Blue Plains Wastewater Treatment Plant
Regional Wastewater Plant
Across the river from Alexandria is the Blue Plains Advanced Wastewater Treatment Plant, the largest advanced treatment plant in the world. The plant treats an average of more than 300 million gallons per day of wastewater from the District, Maryland, and Virginia suburbs, as well as millions of gallons of runoff from city streets. The city had no sewage treatment whatsoever for most of its early years--and as a result, the Potomac and Anacostia became horribly polluted. Sanitary conditions were dismal in the city itself; the "decorative canals" planned for the mall area became nothing more than sewers filled with trash. In the years after the Civil War, the city expanded, but conditions grew only worse; cholera epidemics and disease were rampant. Beginning in the 1880s, the city built a system of sewers that led to the Potomac, but it was not until the 1930s that any of the sewage was treated. A sewage treatment plant was built on the Blue Plains site in 1938, providing primary (settling) treatment. Later growth of the city saw continued pollution problems. It was not until the 1960s that the region really took hold of its pollution problems, got federal funding, and built a greatly expanded Blue Plains plant. The plant has finally reached the completion of its advanced features, and the river has shown the dramatic results. (Photo: AECOM, Inc.).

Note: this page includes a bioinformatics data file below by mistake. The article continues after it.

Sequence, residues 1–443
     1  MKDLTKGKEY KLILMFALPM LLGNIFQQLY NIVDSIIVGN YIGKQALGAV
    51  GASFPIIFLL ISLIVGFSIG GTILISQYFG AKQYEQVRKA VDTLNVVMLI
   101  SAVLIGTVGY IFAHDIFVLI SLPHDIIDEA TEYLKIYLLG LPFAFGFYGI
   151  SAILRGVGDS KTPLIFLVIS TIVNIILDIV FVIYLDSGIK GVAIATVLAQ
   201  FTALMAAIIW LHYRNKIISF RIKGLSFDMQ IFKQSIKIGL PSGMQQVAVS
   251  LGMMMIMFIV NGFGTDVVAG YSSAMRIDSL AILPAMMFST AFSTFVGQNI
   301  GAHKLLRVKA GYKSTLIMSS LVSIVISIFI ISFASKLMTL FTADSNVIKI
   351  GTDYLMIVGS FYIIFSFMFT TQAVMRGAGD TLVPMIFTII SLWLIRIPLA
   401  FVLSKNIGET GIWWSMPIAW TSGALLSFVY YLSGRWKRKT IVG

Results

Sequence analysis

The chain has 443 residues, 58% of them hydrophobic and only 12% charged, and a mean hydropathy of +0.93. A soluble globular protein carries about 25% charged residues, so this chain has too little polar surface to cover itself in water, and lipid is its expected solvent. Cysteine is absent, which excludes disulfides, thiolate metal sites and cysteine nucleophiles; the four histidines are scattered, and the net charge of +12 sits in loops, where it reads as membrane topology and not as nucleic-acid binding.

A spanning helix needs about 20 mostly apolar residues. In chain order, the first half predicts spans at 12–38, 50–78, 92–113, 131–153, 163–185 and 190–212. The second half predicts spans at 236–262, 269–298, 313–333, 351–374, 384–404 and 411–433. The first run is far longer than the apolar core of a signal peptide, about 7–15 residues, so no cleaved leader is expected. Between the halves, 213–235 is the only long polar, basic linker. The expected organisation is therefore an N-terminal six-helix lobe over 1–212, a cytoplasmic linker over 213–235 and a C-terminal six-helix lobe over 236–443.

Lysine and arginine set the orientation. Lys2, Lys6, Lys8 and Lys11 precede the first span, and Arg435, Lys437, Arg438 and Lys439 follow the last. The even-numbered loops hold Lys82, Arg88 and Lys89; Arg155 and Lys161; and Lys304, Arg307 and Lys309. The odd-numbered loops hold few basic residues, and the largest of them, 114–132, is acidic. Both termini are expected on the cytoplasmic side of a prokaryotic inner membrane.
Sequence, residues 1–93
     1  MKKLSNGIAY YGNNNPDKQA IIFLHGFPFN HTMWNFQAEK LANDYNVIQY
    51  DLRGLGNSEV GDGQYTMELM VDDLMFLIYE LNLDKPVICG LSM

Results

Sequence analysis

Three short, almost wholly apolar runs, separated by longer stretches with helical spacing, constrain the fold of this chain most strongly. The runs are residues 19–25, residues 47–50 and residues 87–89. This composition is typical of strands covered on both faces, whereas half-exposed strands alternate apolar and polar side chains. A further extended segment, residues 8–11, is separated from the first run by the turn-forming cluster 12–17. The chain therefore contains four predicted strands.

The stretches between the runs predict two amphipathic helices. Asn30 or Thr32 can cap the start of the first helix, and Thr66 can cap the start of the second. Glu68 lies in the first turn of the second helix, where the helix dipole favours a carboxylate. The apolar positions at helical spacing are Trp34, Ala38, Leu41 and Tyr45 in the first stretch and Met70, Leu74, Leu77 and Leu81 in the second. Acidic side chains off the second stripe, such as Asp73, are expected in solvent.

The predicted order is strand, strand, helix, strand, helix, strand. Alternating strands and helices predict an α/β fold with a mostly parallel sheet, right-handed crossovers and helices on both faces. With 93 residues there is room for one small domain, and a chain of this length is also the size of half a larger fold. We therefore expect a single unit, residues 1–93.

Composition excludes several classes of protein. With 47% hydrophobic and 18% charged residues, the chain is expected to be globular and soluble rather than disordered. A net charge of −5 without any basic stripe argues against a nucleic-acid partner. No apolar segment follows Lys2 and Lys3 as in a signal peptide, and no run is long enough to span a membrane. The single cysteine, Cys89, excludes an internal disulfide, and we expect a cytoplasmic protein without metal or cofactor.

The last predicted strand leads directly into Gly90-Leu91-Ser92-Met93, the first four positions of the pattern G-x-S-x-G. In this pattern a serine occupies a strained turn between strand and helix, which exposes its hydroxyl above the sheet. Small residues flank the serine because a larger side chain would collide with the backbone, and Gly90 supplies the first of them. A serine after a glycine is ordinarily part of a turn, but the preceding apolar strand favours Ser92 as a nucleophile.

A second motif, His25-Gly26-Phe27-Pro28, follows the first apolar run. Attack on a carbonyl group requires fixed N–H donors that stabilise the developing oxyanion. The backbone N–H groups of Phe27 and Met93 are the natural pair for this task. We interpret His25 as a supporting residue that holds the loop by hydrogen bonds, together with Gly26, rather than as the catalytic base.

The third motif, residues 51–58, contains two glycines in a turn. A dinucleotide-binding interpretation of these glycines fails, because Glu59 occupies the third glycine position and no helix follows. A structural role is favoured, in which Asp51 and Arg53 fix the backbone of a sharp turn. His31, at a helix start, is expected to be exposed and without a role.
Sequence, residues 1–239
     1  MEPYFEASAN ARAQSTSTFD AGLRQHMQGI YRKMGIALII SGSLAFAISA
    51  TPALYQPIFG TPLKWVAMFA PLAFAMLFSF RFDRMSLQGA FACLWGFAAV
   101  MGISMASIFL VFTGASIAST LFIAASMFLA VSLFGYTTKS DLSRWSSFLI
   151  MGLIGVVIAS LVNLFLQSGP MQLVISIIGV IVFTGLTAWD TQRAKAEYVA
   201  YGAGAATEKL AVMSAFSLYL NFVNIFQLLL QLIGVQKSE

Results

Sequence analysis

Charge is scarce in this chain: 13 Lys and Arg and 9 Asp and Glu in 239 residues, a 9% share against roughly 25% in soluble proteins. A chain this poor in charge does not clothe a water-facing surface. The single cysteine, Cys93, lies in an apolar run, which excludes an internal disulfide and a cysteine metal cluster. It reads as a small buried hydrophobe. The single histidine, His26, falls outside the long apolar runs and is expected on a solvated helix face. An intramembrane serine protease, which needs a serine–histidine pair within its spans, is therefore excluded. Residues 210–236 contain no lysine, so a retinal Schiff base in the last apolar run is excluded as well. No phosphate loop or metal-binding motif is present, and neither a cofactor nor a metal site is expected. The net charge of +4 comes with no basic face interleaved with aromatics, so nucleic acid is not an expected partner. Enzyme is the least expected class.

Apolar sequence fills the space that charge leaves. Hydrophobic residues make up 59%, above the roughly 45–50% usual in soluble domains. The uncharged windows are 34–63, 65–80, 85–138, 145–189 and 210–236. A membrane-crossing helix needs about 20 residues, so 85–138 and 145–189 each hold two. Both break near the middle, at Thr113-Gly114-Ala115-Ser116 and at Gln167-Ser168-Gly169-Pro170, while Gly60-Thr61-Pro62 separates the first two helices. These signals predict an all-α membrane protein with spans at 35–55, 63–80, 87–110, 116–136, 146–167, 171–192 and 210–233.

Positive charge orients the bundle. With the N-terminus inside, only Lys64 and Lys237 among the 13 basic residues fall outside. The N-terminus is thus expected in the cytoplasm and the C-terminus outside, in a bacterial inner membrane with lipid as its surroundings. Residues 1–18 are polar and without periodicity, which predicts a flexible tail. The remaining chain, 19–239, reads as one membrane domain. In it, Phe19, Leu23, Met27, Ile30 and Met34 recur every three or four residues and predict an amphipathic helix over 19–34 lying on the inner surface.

DC Water and Sewer Authority
5000 Overlook Ave. S.W.
Washington DC 20032